For an estimated 77 million refugees, crowded camps and close quarters are a starker reality amid the global pandemic, as is infection control when soap and fresh water are a scarce resource. In Syria, families weigh the risks of bombings against the coronavirus, which has infected close to 200 people there, according to official numbers. The country, where a nine-year civil war still rages, is home to more than 16 million people, most of whom live in poverty.
Food insecurity has spiked in many regions where refugee women are increasingly unable to cultivate land due to travel restrictions. Some 25 per cent of refugee women are the heads of households and depend on acquiring and farming land outside of their communities to feed their families, according to the Plan International Canada report. As is the case in many countries, the threat of domestic violence has also risen for refugee women and girls who are in crowded camps and homes more than before.
With travel restricted to contain the spread of COVID-19, countries that may have been a safe haven for displaced families have closed their borders to new arrivals. While more immigrants came to Canada in the first quarter of 2020 than the same period in 2019, the numbers dropped significantly in April, according to a new report by the Association for Canadian Studies. Since then, the Canadian government allocated some $86.5 million to support international partners, including the United Nations High Commissioner for Refugees.
“The response so far has been pretty low and slow and we really need to see an acceleration of this commitment,” said Severine Meyer, a senior manager of emergencies and humanitarian assistance at Plan International Canada
Local African Woman Fundraising for Victims of Abuse, Trafficking
by Caitlan Butler
June 20, 2020
Erin Graves considers herself blessed to have been able to travel the world. From Puerto Rico to Europe to Eswatini, formerly known as Swaziland, which is located in the southern part of Africa, she has ministered and worked with women who have been victims of abuse all around the globe.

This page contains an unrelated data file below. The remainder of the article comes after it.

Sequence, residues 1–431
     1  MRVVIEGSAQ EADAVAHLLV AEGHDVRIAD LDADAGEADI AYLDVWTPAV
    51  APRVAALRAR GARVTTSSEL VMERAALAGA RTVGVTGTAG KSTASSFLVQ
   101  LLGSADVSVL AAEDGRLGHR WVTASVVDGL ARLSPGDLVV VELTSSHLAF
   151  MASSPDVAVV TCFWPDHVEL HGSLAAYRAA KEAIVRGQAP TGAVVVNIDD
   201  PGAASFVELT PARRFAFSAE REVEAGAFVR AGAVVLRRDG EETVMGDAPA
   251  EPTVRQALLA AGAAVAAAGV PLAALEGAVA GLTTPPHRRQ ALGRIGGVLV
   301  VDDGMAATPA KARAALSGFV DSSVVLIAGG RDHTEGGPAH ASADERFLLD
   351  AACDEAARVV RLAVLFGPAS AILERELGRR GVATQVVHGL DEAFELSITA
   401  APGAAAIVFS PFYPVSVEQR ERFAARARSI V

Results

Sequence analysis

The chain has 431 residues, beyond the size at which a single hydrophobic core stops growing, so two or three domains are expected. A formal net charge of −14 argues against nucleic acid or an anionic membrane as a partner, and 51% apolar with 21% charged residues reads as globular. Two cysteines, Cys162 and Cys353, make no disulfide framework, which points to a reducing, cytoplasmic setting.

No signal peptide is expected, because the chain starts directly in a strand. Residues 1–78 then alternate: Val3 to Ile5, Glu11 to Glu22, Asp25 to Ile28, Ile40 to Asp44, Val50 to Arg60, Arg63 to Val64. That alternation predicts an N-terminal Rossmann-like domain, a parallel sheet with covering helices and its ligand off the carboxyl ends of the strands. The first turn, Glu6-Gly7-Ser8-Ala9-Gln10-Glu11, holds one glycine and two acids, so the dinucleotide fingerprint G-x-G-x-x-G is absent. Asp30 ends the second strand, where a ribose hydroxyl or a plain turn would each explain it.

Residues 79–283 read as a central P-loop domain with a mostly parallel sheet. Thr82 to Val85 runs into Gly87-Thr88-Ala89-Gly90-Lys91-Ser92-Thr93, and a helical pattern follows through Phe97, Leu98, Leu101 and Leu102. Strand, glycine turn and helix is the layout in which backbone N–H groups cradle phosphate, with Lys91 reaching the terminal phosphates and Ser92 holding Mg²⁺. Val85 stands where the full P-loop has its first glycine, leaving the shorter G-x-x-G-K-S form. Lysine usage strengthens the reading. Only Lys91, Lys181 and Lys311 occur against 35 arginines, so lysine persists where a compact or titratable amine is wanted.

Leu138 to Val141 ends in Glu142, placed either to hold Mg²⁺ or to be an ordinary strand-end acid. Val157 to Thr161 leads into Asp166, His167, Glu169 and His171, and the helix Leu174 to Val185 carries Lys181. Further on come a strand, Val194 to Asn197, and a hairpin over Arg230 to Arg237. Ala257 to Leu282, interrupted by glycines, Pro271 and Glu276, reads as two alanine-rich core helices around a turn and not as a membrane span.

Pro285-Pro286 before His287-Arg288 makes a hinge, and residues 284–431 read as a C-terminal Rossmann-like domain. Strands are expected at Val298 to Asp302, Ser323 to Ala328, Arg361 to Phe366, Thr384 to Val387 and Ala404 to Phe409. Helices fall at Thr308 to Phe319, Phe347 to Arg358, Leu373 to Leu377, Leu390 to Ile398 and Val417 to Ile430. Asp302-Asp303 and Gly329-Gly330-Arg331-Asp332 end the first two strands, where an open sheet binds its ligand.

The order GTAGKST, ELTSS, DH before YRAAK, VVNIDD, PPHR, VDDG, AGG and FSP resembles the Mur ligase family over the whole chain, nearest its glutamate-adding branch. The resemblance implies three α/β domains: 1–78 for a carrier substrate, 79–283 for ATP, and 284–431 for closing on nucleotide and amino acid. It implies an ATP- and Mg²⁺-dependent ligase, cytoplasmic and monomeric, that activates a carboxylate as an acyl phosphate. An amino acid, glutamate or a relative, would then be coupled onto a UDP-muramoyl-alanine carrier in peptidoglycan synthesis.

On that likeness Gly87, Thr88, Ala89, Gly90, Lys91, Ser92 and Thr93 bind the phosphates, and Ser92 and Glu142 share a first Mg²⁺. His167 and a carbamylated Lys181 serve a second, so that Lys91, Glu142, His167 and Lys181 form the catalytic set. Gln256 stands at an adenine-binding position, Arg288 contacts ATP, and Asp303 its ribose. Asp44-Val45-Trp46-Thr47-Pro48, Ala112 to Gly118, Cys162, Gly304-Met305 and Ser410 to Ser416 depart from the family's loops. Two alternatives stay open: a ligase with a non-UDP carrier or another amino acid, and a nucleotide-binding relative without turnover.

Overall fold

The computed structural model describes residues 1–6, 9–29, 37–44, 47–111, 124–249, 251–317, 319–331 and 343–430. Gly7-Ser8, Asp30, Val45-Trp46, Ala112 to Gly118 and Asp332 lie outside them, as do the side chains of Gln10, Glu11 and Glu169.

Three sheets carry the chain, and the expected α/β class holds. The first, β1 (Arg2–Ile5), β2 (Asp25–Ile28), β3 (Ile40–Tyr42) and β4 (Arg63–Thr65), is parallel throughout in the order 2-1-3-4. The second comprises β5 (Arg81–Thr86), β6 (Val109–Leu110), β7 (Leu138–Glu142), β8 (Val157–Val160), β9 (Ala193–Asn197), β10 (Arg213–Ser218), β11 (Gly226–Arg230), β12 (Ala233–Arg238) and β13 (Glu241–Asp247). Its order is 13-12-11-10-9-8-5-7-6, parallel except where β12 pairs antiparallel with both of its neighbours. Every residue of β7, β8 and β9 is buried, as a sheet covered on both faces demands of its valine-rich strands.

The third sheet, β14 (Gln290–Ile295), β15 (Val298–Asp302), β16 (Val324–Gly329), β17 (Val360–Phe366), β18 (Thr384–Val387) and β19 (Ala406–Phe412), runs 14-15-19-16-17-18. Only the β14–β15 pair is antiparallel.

Graves lives in El Dorado now, working for Murphy USA, but she is continuing the work she started in Sept. 2018 in Eswatini by fundraising for Hosea’s Heart, a nonprofit centered on Christian faith, social justice and empowerment, which works to assist victims of sexual abuse and trafficking in Eswatini with education, safe housing and emotional restoration.
“Due to its gruesome nature, it is difficult for some to fathom that sex trafficking is a reality. … Thousands of adults and children are sold to the sex/pornography industry every day,” Graves said. “No one can imagine the pain that reveals itself during recovery.”
According to a 2016 report from the United Nations International Labor Organization, 4.8 million people, 9.67% of the estimated 24.9 million people in forced labor globally, are victims of sex trafficking; the report says women and girls are the primary victims of sex trafficking and forced labor more generally, making up 99% of sex trafficking victims and 58% of all forced labor victims.
Residents at an orphanage in Eswatini dance during an outreach event Erin Graves participated in as a volunteer for Hosea’s Heart. (Contributed)
Hosea’s Heart builds from the foundation of the Christian faith to help sex abuse victims in Eswatini “renew, rebuild and restore,” Graves said. In addition to the organization’s ministry, girls from eight to 18 are given physical security in safe housing, education based on curriculum used in the United States and the option of making goods that are sold through the organization to raise money to increase its scope.
“They make purses, paper beads and other items that can be found on the website for purchase,” Graves said. “My main objective is to raise funds for their school building.”
Hosea’s Heart is currently working to raise about $89,000 to fund the construction of a school building that Graves said will include six classrooms, two bathrooms, a library, three staff offices and a storage room; it will also accommodate four girls in need of a safe haven, she said.
“About $10,000 has already been donated to cover one of the staff offices and the storage room, as well as waterproofing and glazing for the building,” Graves said. “As a former teacher, I understand that this building is essential to not only their education but their livelihood. We teach U.S. curriculum which will allow them to complete state testing in the event that they have the funds to attend school in the U.S. Their education builds the foundation for them to be successful.”
Graves said she is happy to give presentations on the subject of sex abuse and ways Hosea’s Heart helps girls and young women to churches, businesses or other organizations interested in raising awareness on the issue and/or helping to fundraise. She can be reached at 870-315-1311 or email@example.com.